OCTOBER TERM, 1876.
1. A provision in the constitution of a stock and exchange board, whose members are limited in number, and elected by ballot, that a member, upon failing to perform his contracts, or becoming insolvent, may assign his seat to be sold, and that the proceeds shall, to the exclusion of his outside creditors, be first applied to the benefit of the members to whom he is indebted, — the purchaser not becoming a member, nor having the right to transact business in the board until he shall be elected by ballot, — is neither contrary to public policy, nor in violation of the Bankrupt Act. 2. Membership of the board is not a matter of absolute sale. Although property, it is, when purchased, qualified and incumbered by conditions which the creators of it had the right to impose, and a compliance with which is necessary to obtain it. 3. Nicholls, Assignee, v. Eaton, 91 U.S. 716, reaffirmed.
Mr. Edward B. Merrill for the plaintiff in error.
No counsel appeared for the defendant in error.
ERROR to the Circuit Court of the United States for the District of California.
The facts are stated in the opinion of the court.
The San Francisco Stock and Exchange Board is a voluntary association for business purposes, organized in 1862, in that city. The membership is elective, with certain provisions for a right to sell and assign the seat, subject to an election of the purchasing member by the board. This is generally done, unless special reasons appear to the contrary; and the result is, that, as the number of members is limited, the right to a seat at the board has a moneyed value. When a member fails to perform his contracts, or becomes insolvent, he can no longer be a member of the board, until he resumes payment; but his seat may be sold for his benefit, or for that of his creditors, among the other members of the board.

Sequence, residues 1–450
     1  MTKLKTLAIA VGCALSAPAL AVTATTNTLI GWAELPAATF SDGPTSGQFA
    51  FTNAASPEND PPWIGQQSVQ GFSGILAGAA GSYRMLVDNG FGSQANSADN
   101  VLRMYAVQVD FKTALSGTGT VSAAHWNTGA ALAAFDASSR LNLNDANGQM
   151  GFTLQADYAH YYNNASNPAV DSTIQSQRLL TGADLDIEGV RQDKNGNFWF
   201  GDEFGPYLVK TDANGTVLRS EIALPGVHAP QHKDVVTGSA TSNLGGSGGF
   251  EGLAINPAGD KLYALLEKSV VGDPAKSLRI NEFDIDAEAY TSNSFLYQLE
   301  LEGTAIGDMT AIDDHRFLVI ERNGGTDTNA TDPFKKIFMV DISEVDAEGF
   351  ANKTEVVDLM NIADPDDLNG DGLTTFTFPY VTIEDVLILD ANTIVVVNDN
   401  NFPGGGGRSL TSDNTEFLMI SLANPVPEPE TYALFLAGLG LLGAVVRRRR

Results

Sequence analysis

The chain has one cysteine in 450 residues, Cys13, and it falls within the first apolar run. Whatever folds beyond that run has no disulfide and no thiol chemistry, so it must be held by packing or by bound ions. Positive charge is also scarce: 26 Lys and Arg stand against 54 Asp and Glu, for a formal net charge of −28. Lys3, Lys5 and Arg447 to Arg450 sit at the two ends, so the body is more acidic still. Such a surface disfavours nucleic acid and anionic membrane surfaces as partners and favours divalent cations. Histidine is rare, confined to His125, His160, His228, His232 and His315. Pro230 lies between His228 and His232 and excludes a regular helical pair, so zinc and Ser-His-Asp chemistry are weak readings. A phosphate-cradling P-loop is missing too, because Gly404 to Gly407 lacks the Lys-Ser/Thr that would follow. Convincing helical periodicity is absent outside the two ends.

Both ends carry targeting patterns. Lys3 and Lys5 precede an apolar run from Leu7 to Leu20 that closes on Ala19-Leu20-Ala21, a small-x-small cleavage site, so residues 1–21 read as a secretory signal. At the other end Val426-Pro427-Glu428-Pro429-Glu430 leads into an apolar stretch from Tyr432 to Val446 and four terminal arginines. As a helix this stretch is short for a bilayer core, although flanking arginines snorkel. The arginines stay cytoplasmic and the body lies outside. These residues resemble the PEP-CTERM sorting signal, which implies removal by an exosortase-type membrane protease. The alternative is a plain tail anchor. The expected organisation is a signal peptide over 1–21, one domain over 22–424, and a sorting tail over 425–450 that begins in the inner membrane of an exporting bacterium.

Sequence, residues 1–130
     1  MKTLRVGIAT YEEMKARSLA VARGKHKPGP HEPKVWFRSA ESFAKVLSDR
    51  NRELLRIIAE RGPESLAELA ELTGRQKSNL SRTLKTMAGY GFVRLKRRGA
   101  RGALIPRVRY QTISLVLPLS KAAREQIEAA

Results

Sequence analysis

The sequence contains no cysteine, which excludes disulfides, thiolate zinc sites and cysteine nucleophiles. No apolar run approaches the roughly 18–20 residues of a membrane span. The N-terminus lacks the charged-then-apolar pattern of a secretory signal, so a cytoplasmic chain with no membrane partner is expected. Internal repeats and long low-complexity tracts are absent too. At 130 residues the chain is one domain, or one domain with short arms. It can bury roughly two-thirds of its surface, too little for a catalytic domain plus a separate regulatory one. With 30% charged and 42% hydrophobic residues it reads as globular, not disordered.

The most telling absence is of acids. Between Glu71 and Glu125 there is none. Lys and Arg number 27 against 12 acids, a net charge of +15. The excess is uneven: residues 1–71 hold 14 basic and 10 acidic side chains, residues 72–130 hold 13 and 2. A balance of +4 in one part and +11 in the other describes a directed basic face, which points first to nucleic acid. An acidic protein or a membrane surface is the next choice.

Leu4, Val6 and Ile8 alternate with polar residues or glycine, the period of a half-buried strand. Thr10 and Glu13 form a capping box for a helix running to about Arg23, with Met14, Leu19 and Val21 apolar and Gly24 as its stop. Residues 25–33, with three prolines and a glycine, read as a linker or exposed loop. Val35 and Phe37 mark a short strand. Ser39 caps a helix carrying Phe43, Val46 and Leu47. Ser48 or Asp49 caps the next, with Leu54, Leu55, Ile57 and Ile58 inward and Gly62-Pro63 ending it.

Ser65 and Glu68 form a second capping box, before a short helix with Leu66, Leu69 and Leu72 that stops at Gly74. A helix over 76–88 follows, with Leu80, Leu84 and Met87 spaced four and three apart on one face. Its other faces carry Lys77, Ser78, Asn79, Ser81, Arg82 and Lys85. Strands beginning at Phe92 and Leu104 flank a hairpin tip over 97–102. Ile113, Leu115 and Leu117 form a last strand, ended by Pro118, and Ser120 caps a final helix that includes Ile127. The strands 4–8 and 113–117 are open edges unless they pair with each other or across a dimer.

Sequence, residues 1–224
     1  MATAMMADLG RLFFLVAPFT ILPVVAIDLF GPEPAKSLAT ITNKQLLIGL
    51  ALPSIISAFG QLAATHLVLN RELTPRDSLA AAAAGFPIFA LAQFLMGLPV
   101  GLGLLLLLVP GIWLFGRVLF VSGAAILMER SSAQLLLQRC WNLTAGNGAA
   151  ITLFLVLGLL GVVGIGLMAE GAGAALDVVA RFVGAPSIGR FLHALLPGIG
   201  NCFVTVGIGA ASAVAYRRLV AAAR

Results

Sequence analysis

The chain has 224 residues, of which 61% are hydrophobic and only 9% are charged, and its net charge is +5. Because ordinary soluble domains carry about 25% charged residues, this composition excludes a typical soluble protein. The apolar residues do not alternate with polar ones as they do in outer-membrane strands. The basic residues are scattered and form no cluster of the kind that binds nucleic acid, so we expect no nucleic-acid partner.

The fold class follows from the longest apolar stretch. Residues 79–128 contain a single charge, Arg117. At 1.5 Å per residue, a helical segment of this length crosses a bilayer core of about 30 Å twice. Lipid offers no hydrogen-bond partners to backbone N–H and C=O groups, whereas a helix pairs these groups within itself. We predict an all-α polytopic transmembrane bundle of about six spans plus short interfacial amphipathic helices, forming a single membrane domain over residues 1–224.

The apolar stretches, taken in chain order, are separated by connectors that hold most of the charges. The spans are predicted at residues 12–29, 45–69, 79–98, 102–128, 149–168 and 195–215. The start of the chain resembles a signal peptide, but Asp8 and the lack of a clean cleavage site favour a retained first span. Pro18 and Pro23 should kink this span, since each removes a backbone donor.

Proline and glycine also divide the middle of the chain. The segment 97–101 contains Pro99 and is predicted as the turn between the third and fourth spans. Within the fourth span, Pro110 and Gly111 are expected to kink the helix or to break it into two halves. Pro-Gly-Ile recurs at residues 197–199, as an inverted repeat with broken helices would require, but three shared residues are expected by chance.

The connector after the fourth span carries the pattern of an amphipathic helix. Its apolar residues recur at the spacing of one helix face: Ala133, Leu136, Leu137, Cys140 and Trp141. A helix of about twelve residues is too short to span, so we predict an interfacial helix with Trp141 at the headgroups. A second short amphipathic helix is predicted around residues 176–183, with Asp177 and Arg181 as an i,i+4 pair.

Art. 15 of the constitution of the board provides that, "in sales of seats for account of delinquent members, the proceeds shall be applied to the benefit of the members of this board exclusive of outside creditors, unless there shall be a balance after payment of the claims of members in full."
Thomas W. Fenn, who became a member of this board Oct. 21, 1871, was declared a bankrupt Oct. 1, 1872, and plaintiff in error was appointed his assignee. On the twenty-fourth day of August preceding, Fenn became a delinquent, by failing to fulfil his contracts with members of the board, and thereupon made and delivered to defendants in error an assignment of his seat in said board, with authority to sell the same to the best advantage, and apply the proceeds of sale to the payment of all debts due from him to the members of said board. They did sell it for $10,000; the purchaser was duly elected and installed, and the money paid to creditors, who were members of the board, including $2,973.30 to defendants.
Upon these facts, found by the Circuit Court, sitting without a jury, the counsel for plaintiff asks a reversal of the judgment of that court in favor of defendants, on the ground that the assignment by Fenn to the defendants, and their receipt and disbursement of the $10,000, were preferences within the meaning of the bankrupt law, and that they are, therefore, liable to him as assignee for the amount received.
There can be no doubt that the incorporeal right which Fenn had to this seat when he became bankrupt was property, and the sum realized by the assignees from its sale proves that it was valuable property. Nor do we think there can be any reason to doubt that, if he had made no such assignment, it would have passed, subject to the rules of the stock board, to his assignee in bankruptcy, and that if there had been left in the hands of the defendants any balance after paying the debts due to the members of the board, that balance might have been recovered by the assignee.
It is very ingeniously argued by counsel for the assignee, that, being property of the bankrupt, he had no right to make the disposition of it which he did, by preferring his creditors who were members of the board to those who were not. The answer to this, so far as Fenn's assignment to defendants is concerned, is, that the part of it which gives this direction to the proceeds of the sale was wholly unnecessary and nugatory; for if the article of the association which we have cited in full was effective, it controlled the disposition of those proceeds; if it is void, or for any other reason ineffectual, then it must be conceded that the assignment of Fenn was an unlawful preference, within the meaning of the bankrupt law. The question turns solely upon the validity of that article of the association.